Curveball: Hair Today, Gone Tomorrow

My life changed that warm summer day when I marched into Salon Nader with an air of determination about me and firmly declared, “chop it off.” With a couple of snips and a lot of hair product, I transformed my entire look by means of a fresh pixie cut. I like to think this represented a better me – a confident and sophisticated senior. A new Sasha for a new school year.

Yet my metamorphosis didn’t start this summer. It started the day I entered WJ doors for the first time freshman year. Haircuts aside, the entrance to high school marks the beginning of our mental and emotional transformation into young adults.

From the first time we walk the halls of WJ, we are entrusted with more freedom than in middle school, open lunch being the most obvious example. Though freshmen still have yet to learn not to throw food during lunch, we are expected to behave like mature teenagers. With this responsibility comes more decisions, be it buying food at G-Square, choosing classes or making friends. Through these decisions, we begin to shape our personalities and interests.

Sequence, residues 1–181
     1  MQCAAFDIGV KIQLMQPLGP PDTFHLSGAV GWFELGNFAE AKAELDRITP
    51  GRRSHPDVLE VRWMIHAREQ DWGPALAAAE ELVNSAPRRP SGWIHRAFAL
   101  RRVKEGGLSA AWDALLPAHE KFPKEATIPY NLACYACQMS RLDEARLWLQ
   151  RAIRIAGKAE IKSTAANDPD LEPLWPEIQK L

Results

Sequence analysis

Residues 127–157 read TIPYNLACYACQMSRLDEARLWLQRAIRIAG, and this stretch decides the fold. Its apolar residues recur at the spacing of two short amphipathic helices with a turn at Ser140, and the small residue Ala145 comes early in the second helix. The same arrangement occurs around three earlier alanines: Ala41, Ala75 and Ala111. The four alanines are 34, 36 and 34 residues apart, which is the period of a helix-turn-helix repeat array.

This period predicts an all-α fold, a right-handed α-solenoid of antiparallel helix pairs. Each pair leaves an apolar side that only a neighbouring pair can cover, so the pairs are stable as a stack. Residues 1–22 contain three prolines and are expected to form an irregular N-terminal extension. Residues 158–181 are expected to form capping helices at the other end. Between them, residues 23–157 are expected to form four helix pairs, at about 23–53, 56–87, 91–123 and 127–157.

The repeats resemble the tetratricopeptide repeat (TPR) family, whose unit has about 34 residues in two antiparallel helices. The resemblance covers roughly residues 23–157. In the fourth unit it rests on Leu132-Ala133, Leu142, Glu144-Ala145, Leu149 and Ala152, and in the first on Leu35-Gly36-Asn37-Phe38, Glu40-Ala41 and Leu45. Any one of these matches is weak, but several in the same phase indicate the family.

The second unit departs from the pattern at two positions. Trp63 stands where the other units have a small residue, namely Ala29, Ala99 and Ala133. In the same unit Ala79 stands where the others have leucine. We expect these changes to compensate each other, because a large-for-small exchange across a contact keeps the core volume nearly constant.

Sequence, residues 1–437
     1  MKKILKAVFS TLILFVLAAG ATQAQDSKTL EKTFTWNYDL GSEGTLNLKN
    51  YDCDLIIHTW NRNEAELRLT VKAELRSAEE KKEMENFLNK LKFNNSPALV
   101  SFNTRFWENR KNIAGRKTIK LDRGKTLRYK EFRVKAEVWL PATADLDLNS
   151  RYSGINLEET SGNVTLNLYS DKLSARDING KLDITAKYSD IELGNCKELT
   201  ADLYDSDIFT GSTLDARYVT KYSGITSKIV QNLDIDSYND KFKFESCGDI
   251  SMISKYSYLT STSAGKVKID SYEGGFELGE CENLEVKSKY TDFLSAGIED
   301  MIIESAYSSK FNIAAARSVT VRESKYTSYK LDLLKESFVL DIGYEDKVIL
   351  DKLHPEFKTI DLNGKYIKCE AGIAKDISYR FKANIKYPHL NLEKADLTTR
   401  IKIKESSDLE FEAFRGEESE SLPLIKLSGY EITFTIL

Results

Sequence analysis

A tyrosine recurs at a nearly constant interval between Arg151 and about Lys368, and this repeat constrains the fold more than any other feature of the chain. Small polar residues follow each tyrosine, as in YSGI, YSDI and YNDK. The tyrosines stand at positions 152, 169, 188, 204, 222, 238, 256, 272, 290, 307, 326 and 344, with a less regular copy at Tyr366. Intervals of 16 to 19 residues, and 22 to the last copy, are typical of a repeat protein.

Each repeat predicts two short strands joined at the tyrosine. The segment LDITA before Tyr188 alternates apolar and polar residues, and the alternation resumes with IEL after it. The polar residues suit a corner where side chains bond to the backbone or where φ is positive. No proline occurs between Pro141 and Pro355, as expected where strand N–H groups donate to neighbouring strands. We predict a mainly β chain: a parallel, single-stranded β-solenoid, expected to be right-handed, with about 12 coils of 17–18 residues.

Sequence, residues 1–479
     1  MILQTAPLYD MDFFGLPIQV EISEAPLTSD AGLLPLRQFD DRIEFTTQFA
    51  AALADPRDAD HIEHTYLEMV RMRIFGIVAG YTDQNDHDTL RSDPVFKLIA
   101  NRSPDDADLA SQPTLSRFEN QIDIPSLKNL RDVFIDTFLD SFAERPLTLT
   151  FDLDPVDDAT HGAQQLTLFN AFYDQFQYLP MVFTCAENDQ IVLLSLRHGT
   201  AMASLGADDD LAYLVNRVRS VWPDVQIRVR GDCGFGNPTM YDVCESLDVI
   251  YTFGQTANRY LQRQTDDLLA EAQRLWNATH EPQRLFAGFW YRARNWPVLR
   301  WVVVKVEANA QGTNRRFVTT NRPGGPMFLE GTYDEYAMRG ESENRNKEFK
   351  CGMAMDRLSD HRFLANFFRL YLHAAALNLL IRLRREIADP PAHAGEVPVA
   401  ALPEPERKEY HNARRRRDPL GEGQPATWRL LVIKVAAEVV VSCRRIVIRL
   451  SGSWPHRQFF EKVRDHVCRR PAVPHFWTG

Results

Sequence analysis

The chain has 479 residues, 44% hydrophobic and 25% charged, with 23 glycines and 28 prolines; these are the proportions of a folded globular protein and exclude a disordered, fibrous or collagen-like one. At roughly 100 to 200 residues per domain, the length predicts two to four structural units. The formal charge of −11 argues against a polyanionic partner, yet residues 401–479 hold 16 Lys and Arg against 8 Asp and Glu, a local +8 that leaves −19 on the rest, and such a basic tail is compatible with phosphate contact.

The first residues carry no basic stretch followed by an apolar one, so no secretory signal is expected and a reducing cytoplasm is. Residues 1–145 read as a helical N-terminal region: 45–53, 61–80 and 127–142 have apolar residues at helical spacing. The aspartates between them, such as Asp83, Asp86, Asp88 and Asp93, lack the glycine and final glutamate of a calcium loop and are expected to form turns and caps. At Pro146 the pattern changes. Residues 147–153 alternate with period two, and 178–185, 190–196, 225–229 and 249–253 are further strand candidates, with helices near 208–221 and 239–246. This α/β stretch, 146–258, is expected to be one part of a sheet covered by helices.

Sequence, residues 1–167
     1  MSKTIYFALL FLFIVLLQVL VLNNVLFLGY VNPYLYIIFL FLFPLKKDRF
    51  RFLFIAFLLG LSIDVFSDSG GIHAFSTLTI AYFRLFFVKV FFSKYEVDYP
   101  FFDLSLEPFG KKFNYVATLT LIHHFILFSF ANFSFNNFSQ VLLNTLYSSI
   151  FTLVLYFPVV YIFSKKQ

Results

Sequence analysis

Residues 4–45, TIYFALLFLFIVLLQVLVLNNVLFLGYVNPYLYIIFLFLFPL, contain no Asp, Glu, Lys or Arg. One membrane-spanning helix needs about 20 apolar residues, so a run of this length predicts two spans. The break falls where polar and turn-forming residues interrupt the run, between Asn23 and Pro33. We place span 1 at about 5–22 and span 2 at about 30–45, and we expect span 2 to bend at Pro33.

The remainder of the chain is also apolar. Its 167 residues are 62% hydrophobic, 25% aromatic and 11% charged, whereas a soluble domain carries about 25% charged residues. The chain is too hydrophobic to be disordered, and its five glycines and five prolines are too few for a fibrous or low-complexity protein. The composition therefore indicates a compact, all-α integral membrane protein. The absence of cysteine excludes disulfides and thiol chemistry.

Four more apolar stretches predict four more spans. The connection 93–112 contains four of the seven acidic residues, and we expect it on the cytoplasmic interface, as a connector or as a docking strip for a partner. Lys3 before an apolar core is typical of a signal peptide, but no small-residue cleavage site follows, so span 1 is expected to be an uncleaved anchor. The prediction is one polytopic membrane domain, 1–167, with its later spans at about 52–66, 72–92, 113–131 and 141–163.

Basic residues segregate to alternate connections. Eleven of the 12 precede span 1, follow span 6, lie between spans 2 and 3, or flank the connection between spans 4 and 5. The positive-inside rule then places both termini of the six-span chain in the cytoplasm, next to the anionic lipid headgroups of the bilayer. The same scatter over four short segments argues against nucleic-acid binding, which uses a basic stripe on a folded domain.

Identity is a common theme in books and movies about high school. Think Catcher in the Rye, The Breakfast Club and Ferris Bueller’s Day Off. Who hasn’t revealed their secrets to a group of misfits that forms a bond against all odds? There’s a reason this theme pops up everywhere; high school is a safe place to discover our identities. It allows us to act like adults in a contained environment. We have jobs, we drive cars and we spend our own money, but we live with our parents and, for the most part, abide by their rules. While this can be frustrating at times, it lets us experiment and grow in a safe setting.

What does this mean? For underclassmen, you are beginning to question your roles and figure out who you are and what that means. Middle school teaches us about the dynamics of social interaction and conformity, while high school encourages us to diverge from the pack. Leave your comfort zone and try out new experiences; I wish I had done that more.

For seniors on the brink of a new world of experiences, this is the year when we take who we are and what we like to do and think about applying it to the world outside of our high school lives. Before rushing into decisions about college, a career or whatever it is you want to do, take time to reflect on what the past three years have meant to you. What did you enjoy the most? What were you best at? If you can confidently answer these questions, go ahead with your decisions. If not, you might need to spend some time reflecting.

Welcome the changes you experience in high school. In fact, seek them out. Personally, I know I want to leave high school without any regrets.

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